Steve Papoutsis: Absolutely! Extraction will feature a good deal of action on Aegis VII in all new environments. Fans of the Comic and Downfall may recognise some spots. However, this is the first time they will be appearing in a video game.
Eurogamer: What did you make of House of the Dead: OVERKILL, another on-rails Wii shooter? How do you feel your two game compares?
Steve Papoutsis: Dead Space: Extraction is a guided first person experience - we have branching paths, areas of player controlled camera, zero-g, dismemberment, stasis, an array of unique weapons, TK, and a few other surprises that evolve the genre in many ways. Overkill was fun and, yes, it was a pure rail shooter. We have added so much to Extraction that comparisons to it should quickly fade away.
Eurogamer: HOTD was celebrated for its sense of humour, inventive level design and its replay value, which is often a problem for on-rails shooters. What were your main considerations in adapting Dead Space to Wii?
Steve Papoutsis: As I've mentioned, we have a diverse set of features and mechanics, co-op, a great new story, dismemberment and on and on. We took Dead Space's mechanics, added more, and evolved the genre just like the original Dead Space evolved the action/horror genre. Dead Space won over 60 awards worldwide and we are bringing that same design team, commitment to quality and some absolutely amazing visuals to Extraction. I assure you, this is no dumbed down version of Dead Space, this is a high quality, fantastic addition to the Dead Space Universe.
Eurogamer: You've said that you're confident that you're pushing the Wii hardware further than any other team has previously, but technical limitations were obviously going to be an issue. Can you elaborate on that and talk about problems encountered, dodged and overcome?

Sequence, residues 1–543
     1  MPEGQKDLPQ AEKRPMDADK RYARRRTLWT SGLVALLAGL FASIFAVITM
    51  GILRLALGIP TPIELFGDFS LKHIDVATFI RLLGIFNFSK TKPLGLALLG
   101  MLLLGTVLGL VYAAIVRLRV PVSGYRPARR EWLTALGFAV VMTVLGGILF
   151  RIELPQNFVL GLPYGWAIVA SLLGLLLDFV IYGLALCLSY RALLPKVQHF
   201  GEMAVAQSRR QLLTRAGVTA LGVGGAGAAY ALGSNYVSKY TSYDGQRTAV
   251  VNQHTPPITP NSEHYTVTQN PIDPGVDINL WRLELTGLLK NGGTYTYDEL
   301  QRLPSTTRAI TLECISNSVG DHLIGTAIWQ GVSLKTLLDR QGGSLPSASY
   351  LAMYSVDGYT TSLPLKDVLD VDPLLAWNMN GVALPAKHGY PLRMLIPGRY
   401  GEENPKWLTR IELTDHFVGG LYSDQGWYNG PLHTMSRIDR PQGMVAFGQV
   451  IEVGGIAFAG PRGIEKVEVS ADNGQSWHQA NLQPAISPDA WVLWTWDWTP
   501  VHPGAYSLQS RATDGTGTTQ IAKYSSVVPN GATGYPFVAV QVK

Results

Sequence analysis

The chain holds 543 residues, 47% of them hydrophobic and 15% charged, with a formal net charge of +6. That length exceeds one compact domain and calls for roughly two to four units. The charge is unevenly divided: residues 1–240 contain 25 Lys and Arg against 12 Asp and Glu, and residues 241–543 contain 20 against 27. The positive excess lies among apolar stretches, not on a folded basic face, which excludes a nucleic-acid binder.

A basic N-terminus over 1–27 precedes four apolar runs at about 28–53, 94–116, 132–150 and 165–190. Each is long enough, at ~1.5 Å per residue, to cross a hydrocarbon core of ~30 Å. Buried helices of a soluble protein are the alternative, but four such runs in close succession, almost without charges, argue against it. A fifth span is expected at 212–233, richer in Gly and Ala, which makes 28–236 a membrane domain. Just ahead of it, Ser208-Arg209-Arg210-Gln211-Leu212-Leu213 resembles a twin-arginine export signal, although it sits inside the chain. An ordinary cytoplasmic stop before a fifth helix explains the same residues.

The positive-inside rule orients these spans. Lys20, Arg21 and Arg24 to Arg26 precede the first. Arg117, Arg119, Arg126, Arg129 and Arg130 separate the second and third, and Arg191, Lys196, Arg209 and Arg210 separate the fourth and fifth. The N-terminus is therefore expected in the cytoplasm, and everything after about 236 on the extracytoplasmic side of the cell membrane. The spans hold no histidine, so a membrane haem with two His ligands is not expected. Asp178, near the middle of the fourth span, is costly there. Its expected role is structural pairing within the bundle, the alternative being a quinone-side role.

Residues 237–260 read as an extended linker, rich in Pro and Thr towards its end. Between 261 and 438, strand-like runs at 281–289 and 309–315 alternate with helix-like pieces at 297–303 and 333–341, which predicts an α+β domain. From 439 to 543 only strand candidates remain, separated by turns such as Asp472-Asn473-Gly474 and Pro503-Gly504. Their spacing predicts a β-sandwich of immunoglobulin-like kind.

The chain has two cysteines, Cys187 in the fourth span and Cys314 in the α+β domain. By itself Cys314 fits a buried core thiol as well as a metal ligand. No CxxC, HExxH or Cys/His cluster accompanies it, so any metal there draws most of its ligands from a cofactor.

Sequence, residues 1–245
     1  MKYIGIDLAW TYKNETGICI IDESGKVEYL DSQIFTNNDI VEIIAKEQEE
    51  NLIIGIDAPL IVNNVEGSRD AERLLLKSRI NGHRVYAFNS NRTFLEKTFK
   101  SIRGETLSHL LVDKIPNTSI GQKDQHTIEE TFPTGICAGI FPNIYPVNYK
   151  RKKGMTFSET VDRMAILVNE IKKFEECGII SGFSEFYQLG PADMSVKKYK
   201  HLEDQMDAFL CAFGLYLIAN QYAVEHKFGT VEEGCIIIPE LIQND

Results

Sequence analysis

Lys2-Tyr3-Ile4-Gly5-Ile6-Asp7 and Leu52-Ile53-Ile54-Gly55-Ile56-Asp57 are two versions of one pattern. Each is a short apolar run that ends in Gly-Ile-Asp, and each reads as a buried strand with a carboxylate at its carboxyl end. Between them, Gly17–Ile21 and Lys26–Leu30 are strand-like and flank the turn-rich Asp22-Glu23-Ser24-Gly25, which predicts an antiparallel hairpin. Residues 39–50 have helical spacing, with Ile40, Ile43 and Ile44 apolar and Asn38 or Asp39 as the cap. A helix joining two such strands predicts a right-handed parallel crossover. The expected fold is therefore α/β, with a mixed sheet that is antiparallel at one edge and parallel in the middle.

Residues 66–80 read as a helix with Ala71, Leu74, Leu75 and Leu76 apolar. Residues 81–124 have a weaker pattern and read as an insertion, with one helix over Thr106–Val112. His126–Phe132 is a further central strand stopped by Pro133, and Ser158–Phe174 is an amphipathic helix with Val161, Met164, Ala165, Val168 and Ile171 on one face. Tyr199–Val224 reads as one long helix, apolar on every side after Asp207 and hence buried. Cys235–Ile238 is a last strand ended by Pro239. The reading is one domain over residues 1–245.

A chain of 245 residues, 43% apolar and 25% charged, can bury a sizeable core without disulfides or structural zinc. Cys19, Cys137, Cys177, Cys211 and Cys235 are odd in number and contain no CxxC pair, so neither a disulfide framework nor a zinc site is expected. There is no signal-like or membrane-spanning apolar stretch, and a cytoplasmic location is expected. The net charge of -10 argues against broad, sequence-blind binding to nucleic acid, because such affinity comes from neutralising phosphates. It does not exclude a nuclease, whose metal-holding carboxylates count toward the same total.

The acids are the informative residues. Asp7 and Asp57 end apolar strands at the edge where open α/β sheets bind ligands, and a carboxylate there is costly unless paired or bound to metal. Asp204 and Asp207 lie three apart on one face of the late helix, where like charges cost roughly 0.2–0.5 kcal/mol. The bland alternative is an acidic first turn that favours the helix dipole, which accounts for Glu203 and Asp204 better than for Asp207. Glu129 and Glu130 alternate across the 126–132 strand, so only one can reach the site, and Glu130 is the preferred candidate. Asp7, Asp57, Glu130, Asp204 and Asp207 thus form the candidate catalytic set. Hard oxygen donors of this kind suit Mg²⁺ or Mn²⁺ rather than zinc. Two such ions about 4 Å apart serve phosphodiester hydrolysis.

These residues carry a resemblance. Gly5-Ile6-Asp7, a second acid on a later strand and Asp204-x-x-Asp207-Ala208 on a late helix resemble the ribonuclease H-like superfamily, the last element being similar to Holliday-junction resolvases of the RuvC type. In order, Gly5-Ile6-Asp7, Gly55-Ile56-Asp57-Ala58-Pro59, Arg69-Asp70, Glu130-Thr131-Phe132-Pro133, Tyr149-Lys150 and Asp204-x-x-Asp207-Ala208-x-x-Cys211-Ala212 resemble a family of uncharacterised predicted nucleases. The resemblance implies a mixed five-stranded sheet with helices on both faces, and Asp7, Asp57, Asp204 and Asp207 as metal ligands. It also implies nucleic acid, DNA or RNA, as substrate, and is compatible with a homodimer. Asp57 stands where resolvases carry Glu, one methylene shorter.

Steve Papoutsis: No problems at all with the hardware, we freakin' love the Wii. We're just so confident in our very talented team that we can do some things that others haven't been able to.
Eurogamer: Although EA was commended for its new and less risk-averse development strategy in 2008, Dead Space was one of a number of games that struggled to bolster a damaging third quarter. Has that had any impact on Dead Space Extraction's development? Is EA looking to hedge its bets again?
Steve Papoutsis: It hasn't had any effect on Extraction. Dead Space has won over 60 awards worldwide and it was a success in so many ways. Extraction is for the fans, both Wii and Dead Space fans. We expand the fiction and story and are creating a brand new Dead Space experience designed specifically for the Wii.
Eurogamer: Finally, where do you expect Dead Space to head once the curtain falls on the Wii version?
Steve Papoutsis: Can't say right now. We are heads down and focused only on making another great Dead Space experience. We aren't thinking about the next game, we're thinking about this game. It looks and plays fantastic right now and we can't wait to unleash the next wave of Necromorphs on the world!
Dead Space: Extraction is slated for Autumn 2009, exclusive to Wii.